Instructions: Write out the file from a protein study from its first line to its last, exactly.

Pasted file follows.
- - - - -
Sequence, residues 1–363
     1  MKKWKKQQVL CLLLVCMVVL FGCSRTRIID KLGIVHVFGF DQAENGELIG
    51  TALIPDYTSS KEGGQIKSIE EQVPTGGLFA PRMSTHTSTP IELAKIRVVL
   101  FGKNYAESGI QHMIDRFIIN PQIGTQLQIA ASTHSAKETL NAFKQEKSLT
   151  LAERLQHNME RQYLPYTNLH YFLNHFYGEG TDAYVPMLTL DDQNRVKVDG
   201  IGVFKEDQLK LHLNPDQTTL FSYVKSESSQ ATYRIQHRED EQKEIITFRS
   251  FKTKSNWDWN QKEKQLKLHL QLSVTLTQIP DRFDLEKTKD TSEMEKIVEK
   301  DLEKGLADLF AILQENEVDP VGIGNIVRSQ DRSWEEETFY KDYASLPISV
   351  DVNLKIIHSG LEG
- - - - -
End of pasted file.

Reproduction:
Sequence, residues 1–363
     1  MKKWKKQQVL CLLLVCMVVL FGCSRTRIID KLGIVHVFGF DQAENGELIG
    51  TALIPDYTSS KEGGQIKSIE EQVPTGGLFA PRMSTHTSTP IELAKIRVVL
   101  FGKNYAESGI QHMIDRFIIN PQIGTQLQIA ASTHSAKETL NAFKQEKSLT
   151  LAERLQHNME RQYLPYTNLH YFLNHFYGEG TDAYVPMLTL DDQNRVKVDG
   201  IGVFKEDQLK LHLNPDQTTL FSYVKSESSQ ATYRIQHRED EQKEIITFRS
   251  FKTKSNWDWN QKEKQLKLHL QLSVTLTQIP DRFDLEKTKD TSEMEKIVEK
   301  DLEKGLADLF AILQENEVDP VGIGNIVRSQ DRSWEEETFY KDYASLPISV
   351  DVNLKIIHSG LEG